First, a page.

As I washed my hands I stared at it on the floor in the mirror. And I walked away. 
These two things happened and that’s just it: They happened. In my mind I’ve come to the conclusion that being triggered = BAD. And what happens afterward, or how I handle it (or don’t handle it) determines and defines who I am and where I am in terms of recovery. 
Today, I learned and accepted that I don’t have to go down with the triggers in my life, whether they be about body image, perfectionism, relationships or anything. Sometimes they suck, and sometimes they hurt, but I can choose to look at them as a gift. Sometimes they’re wrapped up in a pretty bow, sometimes they feel like a block of cement, sometimes it's a box of dog shit, but no matter what, they are my gift to myself, and I just need to ask, “What did I learn?” That’s it. They don’t need to mean anything profound all the time. They don’t define me. They don’t grip me. 

So, what did I learn? I learned that backhanded compliments about my body are hard to swallow. Thinking about it further, any comment about my body is hard to swallow. But, I don't need to make assumptions about what that person meant. And I learned that sometimes the scale looks scary. And there's a part of me that's curious about how much I weigh. That's it. I can get so caught up and lost if the "what does it all mean?" and will run on that hampster wheel all damn day. And if I need to cry, I'll cry. And if I don't, I won't. But being triggered doesn't equal anything. 

So, think about what triggers you. Perhaps there are times when you feel so overwhelmed by something, or really wanting to launch into a new project, or control something, anything in your life. Think about the past few weeks or even months and if anything happened, however small that may have triggered you. And just be with it. 

Photo courtesy of Soul Rider

I was attacked today.

Got your attention? Good.

I went to a self defense class this weekend. I've wanted to go for ages but, it was never on my priority list so I never went. I try to be aware of my surroundings, and have always thought that if someone messes with me I'm pretty sure I can hold my own. I mean, I'm in shape. I even have muscles! I've taken kickboxing classes and can throw an uppercut. Doesn't all that Tai-bo count for something?  But, when Chelsea King was raped and murdered in my home town, I knew I had no more excuses.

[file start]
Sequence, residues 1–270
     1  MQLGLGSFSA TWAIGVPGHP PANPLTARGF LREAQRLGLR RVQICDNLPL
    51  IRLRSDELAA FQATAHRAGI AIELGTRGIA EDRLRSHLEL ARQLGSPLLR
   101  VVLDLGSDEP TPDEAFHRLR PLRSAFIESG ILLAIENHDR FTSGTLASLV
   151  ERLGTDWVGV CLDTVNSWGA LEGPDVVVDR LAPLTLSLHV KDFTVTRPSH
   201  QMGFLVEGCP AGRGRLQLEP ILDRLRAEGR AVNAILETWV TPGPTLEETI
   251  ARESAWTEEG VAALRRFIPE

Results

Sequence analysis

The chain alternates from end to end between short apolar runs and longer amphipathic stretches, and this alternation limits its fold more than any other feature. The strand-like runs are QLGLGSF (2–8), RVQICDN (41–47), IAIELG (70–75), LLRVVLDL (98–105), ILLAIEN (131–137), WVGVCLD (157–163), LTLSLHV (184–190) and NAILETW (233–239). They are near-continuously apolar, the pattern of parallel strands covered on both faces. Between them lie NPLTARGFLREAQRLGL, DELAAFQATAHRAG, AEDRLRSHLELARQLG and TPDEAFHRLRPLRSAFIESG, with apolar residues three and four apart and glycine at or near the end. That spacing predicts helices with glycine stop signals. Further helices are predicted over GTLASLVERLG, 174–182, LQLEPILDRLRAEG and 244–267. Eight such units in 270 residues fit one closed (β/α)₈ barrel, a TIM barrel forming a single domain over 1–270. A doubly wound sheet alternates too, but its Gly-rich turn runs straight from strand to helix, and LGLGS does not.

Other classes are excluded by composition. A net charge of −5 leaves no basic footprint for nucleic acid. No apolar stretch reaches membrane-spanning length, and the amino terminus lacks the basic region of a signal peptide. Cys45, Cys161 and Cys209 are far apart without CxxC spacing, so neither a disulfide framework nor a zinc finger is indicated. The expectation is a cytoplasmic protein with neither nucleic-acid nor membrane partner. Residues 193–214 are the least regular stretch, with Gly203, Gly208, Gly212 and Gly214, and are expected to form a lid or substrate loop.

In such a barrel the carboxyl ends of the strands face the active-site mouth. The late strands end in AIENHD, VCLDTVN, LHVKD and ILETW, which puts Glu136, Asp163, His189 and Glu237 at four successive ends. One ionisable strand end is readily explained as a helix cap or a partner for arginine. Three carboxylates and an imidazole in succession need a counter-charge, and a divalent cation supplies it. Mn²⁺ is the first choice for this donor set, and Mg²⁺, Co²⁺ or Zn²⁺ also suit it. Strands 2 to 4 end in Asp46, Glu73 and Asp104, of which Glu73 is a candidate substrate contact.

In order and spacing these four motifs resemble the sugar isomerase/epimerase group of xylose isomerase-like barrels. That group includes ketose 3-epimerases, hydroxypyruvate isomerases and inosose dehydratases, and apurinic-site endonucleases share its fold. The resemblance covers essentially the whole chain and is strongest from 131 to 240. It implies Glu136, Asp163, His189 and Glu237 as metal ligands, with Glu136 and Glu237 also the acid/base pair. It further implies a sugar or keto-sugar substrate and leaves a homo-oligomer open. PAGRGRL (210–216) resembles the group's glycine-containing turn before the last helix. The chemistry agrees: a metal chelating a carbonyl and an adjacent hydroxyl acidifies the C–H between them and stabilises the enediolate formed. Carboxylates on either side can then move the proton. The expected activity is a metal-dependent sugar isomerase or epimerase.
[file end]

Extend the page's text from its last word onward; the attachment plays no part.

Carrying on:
Let me tell you something. In the real world, my attitude, plus the fact that I can curl a 25 pound dumbell with my bicep isn't going to get me out of a chokehold by a 200 pound man. I had a very humbling experience in the class. The instructor, Tracie Arlington, talked to us about elbows, and how as women, we're told that just throwing an elbow around is defense enough. Then Chad, her assistant asked if anyone wanted to try that technique on him. He had no pads on yet and I thought, "Is he serious? I know I can get at least one strike in with an elbow." In the class of about 25 girls and women no one volunteered. So, I blurt out, "I'll do it!" and met him in the middle of the mat. I mean, c'mon, I'm tough! I'm fiesty! I've got SPIRIT!

I had no idea what was coming (as you really wouldn't, if you were attacked in real life). Chad grabbed me so quickly I have no idea how he got me into a choke hold, but he did. My first thought was how tight he had a hold of my neck, my next thought was the feeling of complete helplessness I had. I threw an elbow to his gut. Nothing. I threw another one. Nothing. I got as much strength as I could muster up and threw a few more. Nothing. At that point, I was exhausted from squirming, being angry and frustrated and from using all my energy to throw feeble elbows.

The point of my story is that learning specific techniques is imperative.  Here are some startling statistics:

  • 83% of rape victims are between the ages of 12 years and 25 years of age.
  • 90% of women assaulted knew their assailant.
  • 25% of college women surveyed are victims of rape or attempted rape.
  • 85% of rapes on campuses are acquaintance/date rapes and most happen in the first three months of college due to Fraternity and Sorority pledging and parties.
  • 90% of all campus rapes involve alcohol.